PLEXIGLAS® roof of gas station, TH Darmstadt

© Evonik Industries AG, Konzernarchiv Hanau

New materials for the construction boom during the economic miracle years

Whether in factory skylights or in deck roofs at home, PLEXIGLAS® products such as corrugated sheets, stretched PLEXIGLAS® and multi-skin sheets dominated the architecture of the 1950s to the 1970s.

Illuminated façades, skylights, carports: PLEXIGLAS® can be seen everywhere on houses today. This development was not foreseeable at the beginning of the 1950s, despite the development of the material coming along in leaps and bounds at this time. Thanks to its diverse properties, PLEXIGLAS® quickly gained popularity with architects and developers and found ever increasing use in building construction.

Indoor and outdoor applications

Skylights provided a source of natural light in rooms, corrugated sheets protected external areas from wind and weather, and multi-skin sheets revolutionized the construction of greenhouses. Whether in industrial or private construction, new products made from PLEXIGLAS® were an integral part of architecture from the 1950s onward. 

Numerous design possibilities 

The brand acrylic glass from Röhm, at the time still Röhm & Haas, was very popular in the 1950s and 1960s thanks to its diverse properties which enabled brand new designs. It was now possible to manufacture curved PLEXIGLAS® sheets, for example. In addition, cast PLEXIGLAS® sheets were already available at the time in numerous variants, ranging from colorless, white and structured versions to dyed sheets in many different colors. From April 1956, flat, extruded sheets produced using a sheet die were available in white. They sheets were referred to as PLEXIGLAS® XT. The material was even available in DIY stores from the 1960s. 

Energy-efficient construction

The researchers at Röhm & Haas continued to drive forward the development of the material over the following years. One of the innovative solutions from PLEXIGLAS® were multi-skin sheets, which captured air between two sheets. This development particularly revolutionized greenhouse construction thanks to the sheets’ good insulation properties when used as a glazing element. An initial test at the end of the 1960s was an immediate success. The first harvest exceeded all expectations, enabling an earlier start of harvesting and increased yield, while cutting heating costs in winter by 50 percent. Multi-skin sheets soon dominated the market for commercial greenhouses, but were also used as roofing elements in private and industrial construction. Skylights, deck roofs and bridge cladding are just a few of the numerous areas of application for multi-skin sheets.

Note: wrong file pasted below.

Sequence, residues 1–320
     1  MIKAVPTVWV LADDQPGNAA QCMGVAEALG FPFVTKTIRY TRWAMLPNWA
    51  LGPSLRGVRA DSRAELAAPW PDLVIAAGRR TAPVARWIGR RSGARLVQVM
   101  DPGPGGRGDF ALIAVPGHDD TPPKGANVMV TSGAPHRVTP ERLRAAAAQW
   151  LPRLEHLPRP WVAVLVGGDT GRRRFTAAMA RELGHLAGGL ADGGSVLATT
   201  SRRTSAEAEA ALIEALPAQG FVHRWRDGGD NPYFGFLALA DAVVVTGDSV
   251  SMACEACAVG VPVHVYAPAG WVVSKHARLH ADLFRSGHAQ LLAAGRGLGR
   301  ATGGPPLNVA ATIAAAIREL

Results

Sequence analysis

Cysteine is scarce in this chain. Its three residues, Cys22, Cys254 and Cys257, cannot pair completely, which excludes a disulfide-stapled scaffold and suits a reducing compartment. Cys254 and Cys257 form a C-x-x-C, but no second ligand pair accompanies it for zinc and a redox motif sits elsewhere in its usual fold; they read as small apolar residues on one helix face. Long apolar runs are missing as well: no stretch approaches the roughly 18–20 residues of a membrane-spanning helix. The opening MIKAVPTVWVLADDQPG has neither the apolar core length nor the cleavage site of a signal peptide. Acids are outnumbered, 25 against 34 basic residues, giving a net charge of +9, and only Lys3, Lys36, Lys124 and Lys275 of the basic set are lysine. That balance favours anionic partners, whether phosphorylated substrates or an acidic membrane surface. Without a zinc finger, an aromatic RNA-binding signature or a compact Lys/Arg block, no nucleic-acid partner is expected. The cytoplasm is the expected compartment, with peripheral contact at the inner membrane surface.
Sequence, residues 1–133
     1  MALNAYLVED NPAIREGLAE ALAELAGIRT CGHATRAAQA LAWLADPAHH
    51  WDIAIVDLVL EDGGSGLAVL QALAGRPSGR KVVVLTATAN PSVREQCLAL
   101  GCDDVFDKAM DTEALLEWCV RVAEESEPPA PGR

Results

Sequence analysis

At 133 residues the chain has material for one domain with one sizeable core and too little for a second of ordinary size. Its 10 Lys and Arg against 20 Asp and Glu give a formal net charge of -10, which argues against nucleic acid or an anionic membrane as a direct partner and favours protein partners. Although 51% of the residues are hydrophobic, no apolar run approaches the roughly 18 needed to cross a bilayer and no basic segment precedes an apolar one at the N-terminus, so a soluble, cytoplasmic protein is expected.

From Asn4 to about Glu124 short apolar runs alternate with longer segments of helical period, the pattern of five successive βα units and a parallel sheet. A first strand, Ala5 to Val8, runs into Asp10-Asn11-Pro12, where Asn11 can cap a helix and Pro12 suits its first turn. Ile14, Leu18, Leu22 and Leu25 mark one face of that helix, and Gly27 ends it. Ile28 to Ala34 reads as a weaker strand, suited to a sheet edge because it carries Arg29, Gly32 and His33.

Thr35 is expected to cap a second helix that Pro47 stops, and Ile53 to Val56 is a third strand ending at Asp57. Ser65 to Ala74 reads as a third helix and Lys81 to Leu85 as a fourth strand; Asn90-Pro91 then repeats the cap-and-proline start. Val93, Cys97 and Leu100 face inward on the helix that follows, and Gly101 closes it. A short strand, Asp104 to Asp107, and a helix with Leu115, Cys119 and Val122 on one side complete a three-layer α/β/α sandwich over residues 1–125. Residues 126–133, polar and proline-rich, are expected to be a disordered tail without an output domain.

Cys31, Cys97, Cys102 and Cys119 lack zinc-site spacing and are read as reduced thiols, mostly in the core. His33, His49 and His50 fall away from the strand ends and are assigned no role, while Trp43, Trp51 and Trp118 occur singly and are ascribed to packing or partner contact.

Research and development

To meet the growing requirements of the architectural sector, Röhm & Haas set up an independent application technology laboratory in 1959. In addition, an internal group of architects was established to support the growing demand for consultations with processors and developers, and foster collaboration with architects.

More interior light

In the 1950s and 1960s, PLEXIGLAS® skylights were widely used as lighting elements in flat roofs, particularly in large buildings. Rooms which previously required artificial lighting were now bathed in natural light. This led to improved working conditions in production halls, which were springing up everywhere during the years of the economic miracle. The curved skylights had another advantage, namely the lack of cleaning required due to their shape. Rainwater ran off them, clearing dust and dirt that would otherwise build up on flat skylights. The inherent rigidity of the skylights also made frames redundant.

Safe and transparent

Another new product was introduced to the market at the beginning of the 1960s. Using a complex and elaborate method, it was possible to stretch PLEXIGLAS® for the first time. This made the material even more robust, while also improving its impact resistance and increasing its chemical stability. Today, stretched PLEXIGLAS® sheets are used for example in the aviation industry, while different versions of PLEXIGLAS® are currently used as architectural highlights, including illuminated façades, giant, curved viewing windows in aquariums and in amazing stadiums.

Olympic Stadium in Munich with spectators during the 1972 Summer Olympic Games

A roof for the Olympic Stadium in Munich

Stretched PLEXIGLAS® played an important role in the construction of the roof of Munich’s Olympic Stadium. The brand acrylic glass from Röhm was the only material which provided sufficient light transmission and could be placed over the cable net.

© Evonik Industries AG, Konzernarchiv Hanau